Aquatic mammals

All are relatively large and most are cryptic, in that a good portion of their time is spent below the surface of the water. Most marine mammals are too large for extensive trapping and are best surveyed with distance sampling, though trapping can be conducted on some dolphin, manatee, or otter species that inhabit coastal waters. Direct observations are limited to the animal's time above the surface of the water or using scuba equipment. Radio telemetry can provide important movement data, but difficulties include the loss of signals when the animal is below the surface of the water. Sonar can be used to track movements and sounds of larger whales.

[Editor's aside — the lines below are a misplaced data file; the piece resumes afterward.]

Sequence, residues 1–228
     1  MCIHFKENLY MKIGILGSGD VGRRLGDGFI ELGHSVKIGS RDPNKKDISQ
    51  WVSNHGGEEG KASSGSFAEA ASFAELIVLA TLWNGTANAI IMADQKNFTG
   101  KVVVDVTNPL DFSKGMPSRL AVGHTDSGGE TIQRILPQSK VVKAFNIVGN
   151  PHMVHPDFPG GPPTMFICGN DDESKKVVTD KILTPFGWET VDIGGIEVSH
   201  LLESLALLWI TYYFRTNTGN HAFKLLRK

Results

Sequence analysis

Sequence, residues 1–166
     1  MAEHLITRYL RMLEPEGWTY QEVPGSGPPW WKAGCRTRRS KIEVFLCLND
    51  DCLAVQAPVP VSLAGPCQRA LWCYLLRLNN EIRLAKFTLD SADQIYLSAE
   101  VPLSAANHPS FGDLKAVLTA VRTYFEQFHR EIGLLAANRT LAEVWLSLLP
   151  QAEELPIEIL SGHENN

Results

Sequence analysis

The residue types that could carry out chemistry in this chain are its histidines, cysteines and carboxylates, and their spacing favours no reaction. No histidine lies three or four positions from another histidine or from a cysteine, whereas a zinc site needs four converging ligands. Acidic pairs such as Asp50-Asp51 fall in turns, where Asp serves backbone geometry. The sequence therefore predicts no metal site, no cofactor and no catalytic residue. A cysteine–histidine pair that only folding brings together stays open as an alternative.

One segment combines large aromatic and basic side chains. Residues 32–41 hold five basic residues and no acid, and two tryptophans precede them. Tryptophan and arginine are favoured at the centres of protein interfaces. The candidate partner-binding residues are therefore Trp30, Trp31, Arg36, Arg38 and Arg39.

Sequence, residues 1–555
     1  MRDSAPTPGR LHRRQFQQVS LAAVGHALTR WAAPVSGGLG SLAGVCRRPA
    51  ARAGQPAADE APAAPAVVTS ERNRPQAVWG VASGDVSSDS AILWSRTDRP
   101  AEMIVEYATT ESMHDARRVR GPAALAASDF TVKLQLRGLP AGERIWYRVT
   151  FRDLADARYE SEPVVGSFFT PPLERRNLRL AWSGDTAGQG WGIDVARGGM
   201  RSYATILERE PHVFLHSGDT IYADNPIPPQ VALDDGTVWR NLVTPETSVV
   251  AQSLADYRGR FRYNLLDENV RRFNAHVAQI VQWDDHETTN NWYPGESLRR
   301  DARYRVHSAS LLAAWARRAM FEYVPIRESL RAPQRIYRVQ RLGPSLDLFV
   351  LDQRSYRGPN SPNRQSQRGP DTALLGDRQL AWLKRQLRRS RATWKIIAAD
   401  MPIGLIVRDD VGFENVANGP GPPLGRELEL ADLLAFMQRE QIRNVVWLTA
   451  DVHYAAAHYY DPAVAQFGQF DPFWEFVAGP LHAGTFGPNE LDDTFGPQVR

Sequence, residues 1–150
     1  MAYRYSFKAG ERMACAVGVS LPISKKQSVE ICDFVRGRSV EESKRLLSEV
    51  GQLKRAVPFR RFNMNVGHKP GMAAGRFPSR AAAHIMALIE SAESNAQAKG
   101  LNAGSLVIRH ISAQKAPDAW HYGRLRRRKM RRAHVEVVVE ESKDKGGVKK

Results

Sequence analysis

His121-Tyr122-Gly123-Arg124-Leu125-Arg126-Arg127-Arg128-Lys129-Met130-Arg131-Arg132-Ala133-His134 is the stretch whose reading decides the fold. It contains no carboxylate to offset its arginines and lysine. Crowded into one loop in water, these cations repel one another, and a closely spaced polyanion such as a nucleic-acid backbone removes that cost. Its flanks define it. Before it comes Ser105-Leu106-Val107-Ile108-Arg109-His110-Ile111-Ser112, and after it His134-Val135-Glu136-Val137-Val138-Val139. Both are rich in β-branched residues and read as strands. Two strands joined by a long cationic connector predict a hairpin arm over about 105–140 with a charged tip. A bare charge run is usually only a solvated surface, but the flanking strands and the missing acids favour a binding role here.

Freshwater mammals are generally smaller and more readily trapped. These mammals also usually spend some portion of their time on land and leave obvious sign such as gnawing on trees or construction of homes, nests, and dams. Radio telemetry and direct observations are more effective with this group because of their time out of water. Small semi-aquatic insectivores are cryptic, difficult to capture, and leave no observable signs. With this subgroup, neither direct observations or radio telemetry have proven effective. They can best be sampled with pitfalls or some form of kill trap.

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